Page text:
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Evaluate the following: $\int e^{\tan^{-1}x}\bigg(\frac{1+x+x^2}{1+x^2}\bigg)dx$

1 Answer

  • Method of integration by parts
  • $\int udv=uv-\int vdu$
  • $1+\tan ^2 x=\sec^2 x$
Step 1:
Let $I=\large\int e^{\tan^{-1}x}\bigg(\large\frac{1+x+x^2}{1+x^2}\bigg)dx$
we can rewrite this
$I=\int\Large \frac{e^{\tan ^{-1}x}}{1+x^2}$$(1+x+x^2)dx$
Put $\tan ^{-1} x=t=>x=\tan t$
On differentiating with respect to t we get
Now substituting this we get,
$I=\int e^t(1+\tan t+\tan ^2 t)dt$
$=\int e^t(1+\tan ^2 t+\tan t)dt$
$1+\tan ^2 dt$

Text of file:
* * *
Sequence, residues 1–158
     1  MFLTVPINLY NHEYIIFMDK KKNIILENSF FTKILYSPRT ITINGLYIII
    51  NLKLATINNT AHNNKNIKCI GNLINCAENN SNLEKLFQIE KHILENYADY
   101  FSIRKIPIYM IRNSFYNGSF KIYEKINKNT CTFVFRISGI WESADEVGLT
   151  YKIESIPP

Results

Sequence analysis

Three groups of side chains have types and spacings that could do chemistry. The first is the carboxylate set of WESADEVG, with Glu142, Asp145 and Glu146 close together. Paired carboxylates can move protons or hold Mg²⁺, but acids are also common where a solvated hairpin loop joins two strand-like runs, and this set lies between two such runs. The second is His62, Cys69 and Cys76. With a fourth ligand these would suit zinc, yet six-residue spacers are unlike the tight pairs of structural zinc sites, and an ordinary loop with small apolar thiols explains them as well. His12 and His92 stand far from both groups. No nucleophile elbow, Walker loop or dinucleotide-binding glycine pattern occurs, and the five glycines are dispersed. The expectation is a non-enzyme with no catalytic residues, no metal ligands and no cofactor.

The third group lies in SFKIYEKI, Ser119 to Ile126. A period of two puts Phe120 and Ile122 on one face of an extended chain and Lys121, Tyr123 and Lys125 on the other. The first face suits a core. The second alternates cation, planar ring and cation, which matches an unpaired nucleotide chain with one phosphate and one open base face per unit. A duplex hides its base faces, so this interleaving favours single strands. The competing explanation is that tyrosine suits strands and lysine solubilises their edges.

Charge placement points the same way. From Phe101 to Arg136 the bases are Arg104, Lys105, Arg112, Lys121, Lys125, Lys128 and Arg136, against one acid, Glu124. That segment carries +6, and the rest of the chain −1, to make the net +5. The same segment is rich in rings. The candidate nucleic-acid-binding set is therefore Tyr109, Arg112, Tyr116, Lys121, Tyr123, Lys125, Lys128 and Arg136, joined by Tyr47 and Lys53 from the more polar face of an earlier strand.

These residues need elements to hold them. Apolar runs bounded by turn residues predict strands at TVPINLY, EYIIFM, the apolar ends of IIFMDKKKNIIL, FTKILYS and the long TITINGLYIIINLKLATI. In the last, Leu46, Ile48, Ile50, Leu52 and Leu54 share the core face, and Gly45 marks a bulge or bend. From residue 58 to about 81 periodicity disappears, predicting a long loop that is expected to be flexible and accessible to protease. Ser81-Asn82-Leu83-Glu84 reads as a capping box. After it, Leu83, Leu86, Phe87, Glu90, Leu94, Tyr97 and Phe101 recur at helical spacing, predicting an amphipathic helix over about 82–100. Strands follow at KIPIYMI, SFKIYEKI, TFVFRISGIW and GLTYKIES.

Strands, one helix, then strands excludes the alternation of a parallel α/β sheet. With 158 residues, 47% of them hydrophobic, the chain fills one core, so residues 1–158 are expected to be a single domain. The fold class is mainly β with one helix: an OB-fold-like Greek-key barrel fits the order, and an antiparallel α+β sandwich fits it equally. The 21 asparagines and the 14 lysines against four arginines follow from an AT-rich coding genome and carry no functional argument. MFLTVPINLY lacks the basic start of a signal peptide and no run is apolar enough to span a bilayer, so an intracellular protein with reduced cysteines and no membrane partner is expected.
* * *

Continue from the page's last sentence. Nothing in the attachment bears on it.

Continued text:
$=\int e^t(\sec ^2 t+\tan t)dt$
Now splitting the terms we get
$=\int e^t \sec ^2t dt+\int e^t. \tan t.dt$
Step 2:
Consider $\int e^t\; \tan t\; dt$
This is of the form $\int udv,$ hence this can be solved by the method of integration by parts.
$\int udv=uv-\int vdu$
Let $u=\tan t\qquad dv=e^t.dt$
$du=\sec^2 t\; dt \qquad v=e^t$
Hence $I=e^t.\tan t-\int e^t.\sec ^2 t.e^t.dt+\int e^t.\sec^2t.dt$
$=e^t.\tan t$
Substituting for t we get
$I=x.e^{\tan ^{-1}}x+c$
answered Apr 18, 2013 by meena.p
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